What does the Code of Hammurabi tell us about the class structure in Babylon?
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Subsequently, one may also ask, how does the Hammurabi Code show that social classes existed in Babylon?
The social structure was very precise and was made up of three different classes, the Awilum or Upper class, the Mushkenum or free man class, and the Wardum or slave class. Hammurabi did not find everyone in each class equal, yet within each class, he treated them fairly and with the rights they deserved.
Secondly, what kind of system of social classes does the Code of Hammurabi describe? Major laws covered in the Code include slander, trade, slavery, the duties of workers, theft, liability, and divorce. Nearly half of the code focused on contracts, and a third on household relationships. There were three social classes: the amelu (the elite), the mushkenu (free men) and ardu (slave).
Secondly, what does Hammurabi's Code tell us?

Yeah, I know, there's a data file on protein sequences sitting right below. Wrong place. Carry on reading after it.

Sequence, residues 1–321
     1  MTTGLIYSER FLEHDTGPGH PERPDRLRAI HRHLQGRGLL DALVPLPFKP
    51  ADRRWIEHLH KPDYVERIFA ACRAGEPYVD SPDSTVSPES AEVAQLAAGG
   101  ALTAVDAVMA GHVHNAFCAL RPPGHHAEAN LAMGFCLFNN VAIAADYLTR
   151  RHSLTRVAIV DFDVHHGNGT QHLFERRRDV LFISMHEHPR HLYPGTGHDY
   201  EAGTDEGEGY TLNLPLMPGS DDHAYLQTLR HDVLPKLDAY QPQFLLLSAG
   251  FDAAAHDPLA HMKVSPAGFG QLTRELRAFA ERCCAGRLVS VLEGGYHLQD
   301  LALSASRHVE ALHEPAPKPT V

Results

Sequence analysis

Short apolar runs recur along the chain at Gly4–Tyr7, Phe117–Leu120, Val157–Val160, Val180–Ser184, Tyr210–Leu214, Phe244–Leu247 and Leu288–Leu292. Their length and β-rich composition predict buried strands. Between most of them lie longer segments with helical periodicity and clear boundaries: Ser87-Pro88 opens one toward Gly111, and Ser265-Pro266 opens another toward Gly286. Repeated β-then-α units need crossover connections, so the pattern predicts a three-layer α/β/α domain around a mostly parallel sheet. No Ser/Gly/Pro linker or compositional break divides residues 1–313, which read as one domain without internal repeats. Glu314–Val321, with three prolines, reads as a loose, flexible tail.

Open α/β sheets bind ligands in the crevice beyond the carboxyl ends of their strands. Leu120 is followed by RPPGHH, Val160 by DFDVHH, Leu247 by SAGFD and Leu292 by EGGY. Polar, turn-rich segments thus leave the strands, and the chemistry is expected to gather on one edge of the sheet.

The kings used Hammurabi's code of laws to gain authority to rule. The Babylonian God, Marduk, gives the king the authority to rule and enforce the code of laws. The code also unified, consolidated, and secured the empire by setting a standard for moral values, religion, class structure, and gender relationships.
What did the codes say about Hammurabi as a leader?
The Code of Hammurabi is inscribed on this seven-foot basalt stele. The stele is now at the Louvre. The Code of Hammurabi refers to a set of rules or laws enacted by the Babylonian King Hammurabi (reign 1792-1750 B.C.). The code governed the people living in his fast-growing empire.